Friday, December 8, 2017

A Hundred Small Lessons

By Ashley Hay
Atria  2017
288 pages     Literary

I had an existential experience yesterday as I was nearing the end of A Hundred Small Lessons. Not sure if it was my existential moment, or one projected onto the two main women characters in the book—each of whom is experiencing her own existential moments.

Elsie Gormley lived in her house in Brisbane, Australia for more than 60 years, raised her twin son and daughter there, buried her husband Clem, and lived by herself until she fell and her kids moved her to an assisted living facility. She is totally disoriented and keeps trying to get home.

Lucy, her husband Ben, and her toddler, Tom, have purchased Elsie’s house, but Lucy is as disoriented as Elsie. Lucy and Ben had lived internationally, and when Tom was born, they moved to Ben’s home town of Brisbane to settle down, buy a house, and raise their family. Lucy doesn’t come to motherhood easily, and she is upset that she is struggling. She thinks that she keeps seeing Elsie when she is wandering around the house at night; who is this woman who used to live in her house?

A Hundred Small Lessons is a lovely, reflective book. Nothing moves very rapidly; there is no enormous plot twist, but the novel is always engaging and satisfying. There are three main themes: the first is about choosing and being chosen. Both women are loved, and both women have chosen to love. It is also about motherhood. All Elsie wanted in life was to be a mother, and she is completely fulfilled in that role. Her own daughter, Elaine, is of another generation, and although she has a lovely daughter, she has spent her adult life trying to distance herself from her mother’s form of motherhood. Lucy, another generation behind Elaine, knows that being a mother is just one part of the life she plans for herself. Finally, it is a meditation on the many decisions that a person makes that change the course of a life.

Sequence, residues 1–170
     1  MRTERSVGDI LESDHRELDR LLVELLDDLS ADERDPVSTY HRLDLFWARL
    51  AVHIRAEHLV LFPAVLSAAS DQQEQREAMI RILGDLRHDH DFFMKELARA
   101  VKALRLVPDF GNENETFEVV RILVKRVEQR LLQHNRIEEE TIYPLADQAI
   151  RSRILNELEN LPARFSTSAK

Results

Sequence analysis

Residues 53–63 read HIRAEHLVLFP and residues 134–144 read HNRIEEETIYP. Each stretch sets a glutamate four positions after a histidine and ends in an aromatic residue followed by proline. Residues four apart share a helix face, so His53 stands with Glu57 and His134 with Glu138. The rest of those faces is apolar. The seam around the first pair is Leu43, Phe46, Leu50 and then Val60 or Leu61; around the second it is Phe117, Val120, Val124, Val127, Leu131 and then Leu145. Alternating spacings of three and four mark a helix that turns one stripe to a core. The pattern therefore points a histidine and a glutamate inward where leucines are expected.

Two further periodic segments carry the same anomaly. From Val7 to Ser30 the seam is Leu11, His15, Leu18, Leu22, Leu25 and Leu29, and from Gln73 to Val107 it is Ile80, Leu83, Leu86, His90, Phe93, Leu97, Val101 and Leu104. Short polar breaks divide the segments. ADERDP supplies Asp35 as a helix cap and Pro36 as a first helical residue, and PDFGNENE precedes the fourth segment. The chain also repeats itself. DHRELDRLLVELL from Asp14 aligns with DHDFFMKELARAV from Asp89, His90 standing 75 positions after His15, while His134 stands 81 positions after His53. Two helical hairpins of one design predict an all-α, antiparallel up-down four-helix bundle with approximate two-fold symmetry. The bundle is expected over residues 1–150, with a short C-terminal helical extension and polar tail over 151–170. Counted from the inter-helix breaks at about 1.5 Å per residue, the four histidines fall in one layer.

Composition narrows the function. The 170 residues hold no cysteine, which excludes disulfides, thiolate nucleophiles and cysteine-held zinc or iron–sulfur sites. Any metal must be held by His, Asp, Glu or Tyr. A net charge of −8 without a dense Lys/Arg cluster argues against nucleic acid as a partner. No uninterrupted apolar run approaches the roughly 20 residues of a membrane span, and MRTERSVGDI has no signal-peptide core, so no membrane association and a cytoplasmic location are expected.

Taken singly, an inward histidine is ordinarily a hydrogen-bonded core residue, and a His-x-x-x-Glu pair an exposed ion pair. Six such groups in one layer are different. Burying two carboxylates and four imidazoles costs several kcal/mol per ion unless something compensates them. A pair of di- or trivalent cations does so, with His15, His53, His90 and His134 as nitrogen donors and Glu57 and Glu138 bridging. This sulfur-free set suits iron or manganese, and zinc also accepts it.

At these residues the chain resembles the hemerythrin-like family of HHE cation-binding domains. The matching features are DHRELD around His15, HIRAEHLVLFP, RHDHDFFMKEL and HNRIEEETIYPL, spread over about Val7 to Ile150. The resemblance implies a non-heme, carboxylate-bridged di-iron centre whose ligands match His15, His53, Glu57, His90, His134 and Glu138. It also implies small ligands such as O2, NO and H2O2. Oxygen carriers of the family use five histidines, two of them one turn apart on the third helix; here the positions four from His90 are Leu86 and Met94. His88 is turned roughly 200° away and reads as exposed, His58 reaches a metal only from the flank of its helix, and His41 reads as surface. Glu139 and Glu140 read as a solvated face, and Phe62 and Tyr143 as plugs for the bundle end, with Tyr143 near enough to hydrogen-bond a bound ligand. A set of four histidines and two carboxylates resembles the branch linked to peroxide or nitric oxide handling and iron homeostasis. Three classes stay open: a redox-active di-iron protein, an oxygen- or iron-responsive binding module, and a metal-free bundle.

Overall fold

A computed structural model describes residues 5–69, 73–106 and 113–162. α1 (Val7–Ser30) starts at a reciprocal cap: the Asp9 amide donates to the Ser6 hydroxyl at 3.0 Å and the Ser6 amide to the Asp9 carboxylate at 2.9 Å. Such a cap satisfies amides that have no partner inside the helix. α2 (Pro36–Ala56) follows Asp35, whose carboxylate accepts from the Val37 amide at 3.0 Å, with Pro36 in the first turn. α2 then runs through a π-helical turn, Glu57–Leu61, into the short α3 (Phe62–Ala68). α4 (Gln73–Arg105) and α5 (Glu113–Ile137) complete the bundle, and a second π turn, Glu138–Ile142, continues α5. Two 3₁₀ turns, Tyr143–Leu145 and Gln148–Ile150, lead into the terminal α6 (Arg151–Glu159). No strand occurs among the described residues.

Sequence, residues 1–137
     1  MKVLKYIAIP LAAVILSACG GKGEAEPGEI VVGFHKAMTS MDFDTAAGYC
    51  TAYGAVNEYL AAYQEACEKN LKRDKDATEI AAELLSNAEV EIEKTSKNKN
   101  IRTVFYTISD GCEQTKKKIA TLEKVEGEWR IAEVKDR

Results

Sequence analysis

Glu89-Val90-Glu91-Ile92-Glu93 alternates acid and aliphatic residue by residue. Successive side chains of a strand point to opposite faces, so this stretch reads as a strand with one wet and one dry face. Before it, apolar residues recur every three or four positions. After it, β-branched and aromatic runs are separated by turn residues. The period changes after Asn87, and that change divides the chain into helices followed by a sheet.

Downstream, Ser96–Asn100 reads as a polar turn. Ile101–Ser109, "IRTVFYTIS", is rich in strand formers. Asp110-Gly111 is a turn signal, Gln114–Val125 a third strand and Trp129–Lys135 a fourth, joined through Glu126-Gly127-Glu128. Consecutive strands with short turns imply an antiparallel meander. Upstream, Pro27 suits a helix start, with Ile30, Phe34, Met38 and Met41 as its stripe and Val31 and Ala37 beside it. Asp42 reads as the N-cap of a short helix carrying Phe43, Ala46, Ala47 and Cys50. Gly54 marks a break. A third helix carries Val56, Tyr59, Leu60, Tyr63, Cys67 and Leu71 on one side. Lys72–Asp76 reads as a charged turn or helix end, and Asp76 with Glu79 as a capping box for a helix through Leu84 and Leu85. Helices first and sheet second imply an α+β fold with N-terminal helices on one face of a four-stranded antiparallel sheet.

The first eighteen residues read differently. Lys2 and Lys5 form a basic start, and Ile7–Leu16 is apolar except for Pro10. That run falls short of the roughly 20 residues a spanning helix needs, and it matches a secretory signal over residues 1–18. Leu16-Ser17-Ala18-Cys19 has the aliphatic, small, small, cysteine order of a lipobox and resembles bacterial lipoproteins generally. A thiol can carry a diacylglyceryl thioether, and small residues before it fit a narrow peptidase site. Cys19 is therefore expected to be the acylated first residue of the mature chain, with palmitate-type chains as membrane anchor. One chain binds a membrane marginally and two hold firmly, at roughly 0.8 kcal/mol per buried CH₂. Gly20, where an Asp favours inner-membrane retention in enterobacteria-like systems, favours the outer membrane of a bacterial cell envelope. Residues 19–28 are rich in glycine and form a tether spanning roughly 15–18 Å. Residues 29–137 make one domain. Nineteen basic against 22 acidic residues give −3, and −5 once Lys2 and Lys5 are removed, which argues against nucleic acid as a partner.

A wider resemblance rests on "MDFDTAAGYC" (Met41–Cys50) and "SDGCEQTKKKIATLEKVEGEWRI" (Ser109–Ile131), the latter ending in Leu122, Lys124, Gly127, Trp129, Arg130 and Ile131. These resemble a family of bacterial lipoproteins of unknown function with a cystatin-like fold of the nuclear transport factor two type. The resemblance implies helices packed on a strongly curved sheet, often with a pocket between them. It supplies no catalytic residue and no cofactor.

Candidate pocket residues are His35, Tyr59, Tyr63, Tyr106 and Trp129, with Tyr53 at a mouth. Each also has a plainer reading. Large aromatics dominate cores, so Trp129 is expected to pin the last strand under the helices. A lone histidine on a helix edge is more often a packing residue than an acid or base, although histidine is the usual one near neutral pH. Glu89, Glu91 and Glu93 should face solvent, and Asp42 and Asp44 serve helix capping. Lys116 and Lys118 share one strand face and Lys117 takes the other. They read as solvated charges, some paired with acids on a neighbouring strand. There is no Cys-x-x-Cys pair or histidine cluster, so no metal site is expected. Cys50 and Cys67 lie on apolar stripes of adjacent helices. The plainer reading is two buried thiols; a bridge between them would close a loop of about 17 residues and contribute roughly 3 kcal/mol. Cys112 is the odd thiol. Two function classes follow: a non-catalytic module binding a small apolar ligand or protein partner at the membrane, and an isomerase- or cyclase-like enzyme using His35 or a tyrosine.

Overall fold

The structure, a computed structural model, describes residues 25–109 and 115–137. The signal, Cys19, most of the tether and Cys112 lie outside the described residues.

The house, itself, plays a huge role in the novel.  All of Elsie’s memory is attached to that house, and as Lucy attempts to create a home, she can’t get the aura of Elsie out of the house. Part of the emotional resonance of the book is the understanding of home. The Kirkus review begins with the statement, “If home is where the heart is, when does a house become a home—or, conversely, stop being one? Two women struggle to find the answer.” I have lived in houses, and I have lived in homes. The difference, I believe, is what happened within that structure.  

Hay is an accomplished novelist, and is well known in her native Australia. She mentions that there are some autobiographical moments in the book, and those who know Brisbane recognize places where scenes take place. The plot is spare and sometimes non-existent, but the atmosphere and the finely-drawn characters are what moves the reader forward. Someone called it a comfort read. I guess I would describe it that way as well, and thus the existential experience I had yesterday. I saw myself in both women’s places—the old woman having to leave, and the young woman just beginning. I loved them both.  

Ashley Hay’s website.


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